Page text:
There's more than rugged individualism in coping. Part 2: Construct validity and further model testing

Jeannine Monnier, Stevan E. Hobfoll, Carla L. Dunahoo, Michael R. Hulsizer, Robert Johnson

Research output: Contribution to journalArticlepeer-review

36 Scopus citations


We examined the multiaxial model of coping using the dispositional or general version of the Strategic Approach to Coping Scale (SACS) and the situational version of the SACS, in Part 2 of this two-part series. We found both dispositional and situational measures to be reliable and that dispositional coping was a strong predictor of situational coping 12 weeks later. Dispositional coping was a better prospective predictor of emotional outcomes, and situational coping was a better predictor of current emotional outcomes. Women were found to be more prosocial and less antisocial in their coping than men, but no less active. Prosocial coping tended to be related to better emotional outcomes for both men and women. Aggressive coping was also an effective strategy as long as it did not move into the outright antisocial forms of coping. The multiaxial model of coping appears to balance individualistic and collectivist notions of coping in a way that successfully predicts coping outcomes under stressful conditions and that does not disfavor women as do many individualistically-oriented measures of coping that ignore copings' pro-and antisocial aspects.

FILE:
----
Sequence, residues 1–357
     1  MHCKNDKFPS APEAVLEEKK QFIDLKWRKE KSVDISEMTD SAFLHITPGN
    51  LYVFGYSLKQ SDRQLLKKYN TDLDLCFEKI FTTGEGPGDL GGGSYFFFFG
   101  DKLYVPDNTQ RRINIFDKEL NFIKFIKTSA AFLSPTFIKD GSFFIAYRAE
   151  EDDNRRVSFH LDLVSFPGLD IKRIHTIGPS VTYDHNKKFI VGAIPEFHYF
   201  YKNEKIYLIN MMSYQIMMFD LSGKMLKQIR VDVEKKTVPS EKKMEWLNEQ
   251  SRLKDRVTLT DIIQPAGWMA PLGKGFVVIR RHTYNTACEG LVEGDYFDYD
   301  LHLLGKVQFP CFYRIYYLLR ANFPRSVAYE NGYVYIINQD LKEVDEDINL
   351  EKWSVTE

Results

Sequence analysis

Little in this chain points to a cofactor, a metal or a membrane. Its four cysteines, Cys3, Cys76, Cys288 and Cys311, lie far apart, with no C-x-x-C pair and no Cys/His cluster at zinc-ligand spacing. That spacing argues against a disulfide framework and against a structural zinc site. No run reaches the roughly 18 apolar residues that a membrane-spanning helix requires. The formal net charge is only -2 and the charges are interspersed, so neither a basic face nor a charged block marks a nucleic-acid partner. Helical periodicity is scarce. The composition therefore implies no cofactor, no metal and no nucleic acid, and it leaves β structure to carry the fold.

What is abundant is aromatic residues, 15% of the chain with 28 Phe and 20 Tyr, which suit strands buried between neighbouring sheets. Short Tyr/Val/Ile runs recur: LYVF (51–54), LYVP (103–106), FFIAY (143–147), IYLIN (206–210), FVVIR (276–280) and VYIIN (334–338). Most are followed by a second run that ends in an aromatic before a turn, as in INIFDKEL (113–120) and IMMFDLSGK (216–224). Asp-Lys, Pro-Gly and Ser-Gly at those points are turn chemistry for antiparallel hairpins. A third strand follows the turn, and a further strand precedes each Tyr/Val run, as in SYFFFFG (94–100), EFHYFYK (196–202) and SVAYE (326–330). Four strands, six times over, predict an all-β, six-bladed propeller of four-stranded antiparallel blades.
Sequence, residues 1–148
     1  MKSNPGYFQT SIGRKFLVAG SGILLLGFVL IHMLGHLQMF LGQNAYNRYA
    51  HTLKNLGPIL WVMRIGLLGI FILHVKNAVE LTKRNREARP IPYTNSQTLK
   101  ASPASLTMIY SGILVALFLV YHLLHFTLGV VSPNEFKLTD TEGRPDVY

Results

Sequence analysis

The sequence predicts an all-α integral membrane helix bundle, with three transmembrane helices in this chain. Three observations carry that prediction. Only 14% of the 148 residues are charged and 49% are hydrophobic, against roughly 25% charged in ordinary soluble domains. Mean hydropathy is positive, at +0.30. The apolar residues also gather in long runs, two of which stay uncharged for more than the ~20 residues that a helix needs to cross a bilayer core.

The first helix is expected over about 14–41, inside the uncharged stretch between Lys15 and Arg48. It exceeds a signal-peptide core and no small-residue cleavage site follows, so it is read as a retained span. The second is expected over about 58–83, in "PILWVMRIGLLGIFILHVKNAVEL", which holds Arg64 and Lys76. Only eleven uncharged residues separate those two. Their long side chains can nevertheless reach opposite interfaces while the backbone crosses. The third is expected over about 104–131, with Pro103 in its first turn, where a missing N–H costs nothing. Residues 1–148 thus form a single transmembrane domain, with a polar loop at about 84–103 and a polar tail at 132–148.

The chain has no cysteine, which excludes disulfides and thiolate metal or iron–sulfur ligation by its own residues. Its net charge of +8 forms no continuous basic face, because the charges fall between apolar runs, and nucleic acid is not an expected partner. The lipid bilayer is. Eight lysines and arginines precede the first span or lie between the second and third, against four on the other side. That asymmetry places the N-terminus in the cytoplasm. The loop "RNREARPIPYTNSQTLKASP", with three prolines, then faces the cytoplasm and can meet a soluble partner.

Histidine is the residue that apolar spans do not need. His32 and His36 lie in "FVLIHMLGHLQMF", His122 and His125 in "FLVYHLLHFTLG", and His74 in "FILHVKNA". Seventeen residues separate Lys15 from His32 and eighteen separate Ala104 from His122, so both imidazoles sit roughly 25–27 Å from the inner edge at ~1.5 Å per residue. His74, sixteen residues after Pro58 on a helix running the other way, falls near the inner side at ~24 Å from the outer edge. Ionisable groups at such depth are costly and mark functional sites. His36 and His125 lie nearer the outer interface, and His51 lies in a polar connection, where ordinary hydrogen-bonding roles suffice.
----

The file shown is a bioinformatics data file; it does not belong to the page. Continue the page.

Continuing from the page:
Original languageEnglish (US)
Pages (from-to)247-272
Number of pages26
JournalAnxiety, Stress and Coping
Issue number3
StatePublished - 1998
Externally publishedYes


  • Collectivism
  • Coping
  • Ethnicity
  • Gender
  • Stress

ASJC Scopus subject areas

  • Developmental and Educational Psychology
  • Clinical Psychology
  • Arts and Humanities (miscellaneous)
  • Psychiatry and Mental health


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